Essential maintenance work this weekend

​Essential maintenance work will be taking place between Sunday 11pm and Monday 4am. The website will be unavailable at various points between these times.

We would like to apologise for any inconvenience this may cause.

Local Housing Allowance

Last updated 1 July 2014

What is Local Housing Allowance (LHA)?

Local Housing Allowance helps with the cost of rent and is for people on a low income renting from a private landlord.

LHA is based on the broad rental market area and the number of bedrooms the tenant is allowed (based on who lives with them), not on how much their rent is.

When we calculate your LHA, the figure we use for your rent is either your rent, or a fixed amount based on where your property is and the number of bedrooms you need, whichever is the lower. The fixed amount is the maximum we use in the calculation, even if the rent you pay is higher.

However, the actual amount of LHA you get will depend upon your income, capital (such as savings) and if you have other adults living with you.

Find out how many bedrooms you are entitled to under LHA and find out what your LHA rate is at the Valuation Office Agency website.

How to apply

You can apply for Local Housing Allowance in the same way as you apply for Housing Benefit and Council Tax Support.

The application process is an online process; you cannot submit a paper application.

Who cannot get Local Housing Allowance?

You cannot get Local Housing Allowance if:

  • You are a private tenant who is already getting Housing Benefit (unless you move or have a break in your claim, on or after 7 April 2008) as you will continue to get your Housing Benefit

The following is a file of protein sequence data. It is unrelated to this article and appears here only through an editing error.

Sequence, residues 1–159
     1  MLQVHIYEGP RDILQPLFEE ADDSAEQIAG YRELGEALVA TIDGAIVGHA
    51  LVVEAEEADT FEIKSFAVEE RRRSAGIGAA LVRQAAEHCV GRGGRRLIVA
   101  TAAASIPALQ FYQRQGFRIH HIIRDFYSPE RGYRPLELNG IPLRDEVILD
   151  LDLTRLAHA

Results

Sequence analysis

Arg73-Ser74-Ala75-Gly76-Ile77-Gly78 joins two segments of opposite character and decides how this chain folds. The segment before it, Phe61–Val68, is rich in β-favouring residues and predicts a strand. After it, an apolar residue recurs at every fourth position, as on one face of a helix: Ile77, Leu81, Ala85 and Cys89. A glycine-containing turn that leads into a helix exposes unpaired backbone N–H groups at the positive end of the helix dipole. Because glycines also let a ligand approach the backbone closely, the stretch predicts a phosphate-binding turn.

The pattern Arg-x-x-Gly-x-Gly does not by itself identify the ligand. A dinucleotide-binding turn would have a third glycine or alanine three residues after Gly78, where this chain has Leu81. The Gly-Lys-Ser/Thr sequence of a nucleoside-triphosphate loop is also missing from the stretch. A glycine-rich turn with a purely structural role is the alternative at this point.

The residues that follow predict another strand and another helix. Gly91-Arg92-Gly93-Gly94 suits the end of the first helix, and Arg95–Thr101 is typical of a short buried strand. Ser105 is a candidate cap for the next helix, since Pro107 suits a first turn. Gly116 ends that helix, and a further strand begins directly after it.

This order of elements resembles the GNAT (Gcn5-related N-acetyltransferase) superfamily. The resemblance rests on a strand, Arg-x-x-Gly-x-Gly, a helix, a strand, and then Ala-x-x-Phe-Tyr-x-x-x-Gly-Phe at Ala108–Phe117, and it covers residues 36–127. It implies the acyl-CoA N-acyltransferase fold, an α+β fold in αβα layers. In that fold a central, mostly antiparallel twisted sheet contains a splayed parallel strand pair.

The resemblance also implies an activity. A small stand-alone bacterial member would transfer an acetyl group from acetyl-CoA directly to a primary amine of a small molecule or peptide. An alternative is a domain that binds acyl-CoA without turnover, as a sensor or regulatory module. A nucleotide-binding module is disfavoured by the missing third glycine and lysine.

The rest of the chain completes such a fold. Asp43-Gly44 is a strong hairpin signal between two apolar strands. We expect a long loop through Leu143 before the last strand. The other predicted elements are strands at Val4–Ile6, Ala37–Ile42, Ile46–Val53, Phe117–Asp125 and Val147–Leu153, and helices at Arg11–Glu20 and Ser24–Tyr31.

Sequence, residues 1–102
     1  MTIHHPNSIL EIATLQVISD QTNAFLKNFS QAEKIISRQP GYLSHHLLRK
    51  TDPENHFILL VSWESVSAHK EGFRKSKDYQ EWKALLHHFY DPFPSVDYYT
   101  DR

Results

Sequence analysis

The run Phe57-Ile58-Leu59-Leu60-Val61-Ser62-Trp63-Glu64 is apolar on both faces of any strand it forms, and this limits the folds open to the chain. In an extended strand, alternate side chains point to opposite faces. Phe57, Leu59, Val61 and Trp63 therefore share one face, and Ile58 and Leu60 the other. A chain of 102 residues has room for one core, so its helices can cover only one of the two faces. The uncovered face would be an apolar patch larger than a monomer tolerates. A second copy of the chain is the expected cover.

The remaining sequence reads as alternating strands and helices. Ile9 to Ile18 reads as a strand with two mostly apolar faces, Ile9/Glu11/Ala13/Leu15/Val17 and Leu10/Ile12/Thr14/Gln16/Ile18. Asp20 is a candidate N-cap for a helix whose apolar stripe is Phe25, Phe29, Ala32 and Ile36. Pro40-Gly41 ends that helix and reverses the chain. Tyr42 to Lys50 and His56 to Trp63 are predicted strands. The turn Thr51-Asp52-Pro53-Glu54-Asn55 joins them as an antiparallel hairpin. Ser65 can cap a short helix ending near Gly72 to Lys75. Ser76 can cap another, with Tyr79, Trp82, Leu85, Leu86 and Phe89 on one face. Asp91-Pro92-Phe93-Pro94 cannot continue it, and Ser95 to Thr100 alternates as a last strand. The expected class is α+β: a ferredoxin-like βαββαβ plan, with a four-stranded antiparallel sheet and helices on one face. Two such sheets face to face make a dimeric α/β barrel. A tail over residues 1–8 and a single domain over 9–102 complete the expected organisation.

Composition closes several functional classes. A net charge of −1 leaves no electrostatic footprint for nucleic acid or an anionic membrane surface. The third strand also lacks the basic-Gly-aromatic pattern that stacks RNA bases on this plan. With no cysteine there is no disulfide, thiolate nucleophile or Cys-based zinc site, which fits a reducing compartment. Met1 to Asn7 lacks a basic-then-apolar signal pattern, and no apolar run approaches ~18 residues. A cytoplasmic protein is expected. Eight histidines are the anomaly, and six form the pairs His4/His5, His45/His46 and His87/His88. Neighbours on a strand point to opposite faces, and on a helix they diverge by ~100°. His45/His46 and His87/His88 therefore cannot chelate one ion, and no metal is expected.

• You are a council tenant
  • You are a tenant of a housing association (in most cases)
  • You are living in bed and breakfast accommodation
  • You live in a caravan, mobile home or house boat
  • Your tenancy started before 1989; or
  • You live somewhere where you are provided with care, support or supervision

Rather than Local Housing Allowance, you may be able to get Housing Benefit instead.

Local Housing Allowance may not apply if your rent includes an amount for meals. The Valuation Office will decide if this applies to your rent.

Shared Accommodation Rate - for people under 35

The following applies if:

  • You are single
  • Under the age of 35
  • Don't get severe disability premium
  • You are entitled to Local Housing Allowance

When we calculate your benefit, the maximum rent figure we can use is the Shared Accommodation Rate of Local Housing Allowance. We cannot consider the actual size of your property, or use the rent you pay if it is more than this rate.

However, this rule will not apply if:

  • You have a partner, or
  • A non-dependant adult lives with you, or
  • You are getting Child Benefit for a child in your care, or
  • You qualify for certain disability benefits, or
  • You are aged under 22 and have been in care

This means that the maximum benefit that we can pay a single person under 35 will be limited to the rate for a single room in a shared property or a bedsit, even if they live in a self-contained property such as a one-bedroom flat.

What is the shared accommodation rate?

The Shared Accommodation Rate is based on the tenant having sole use of a bedroom or bedsit, and shared use of some or all of the facilities, for example a kitchen, living room or bathroom and toilet.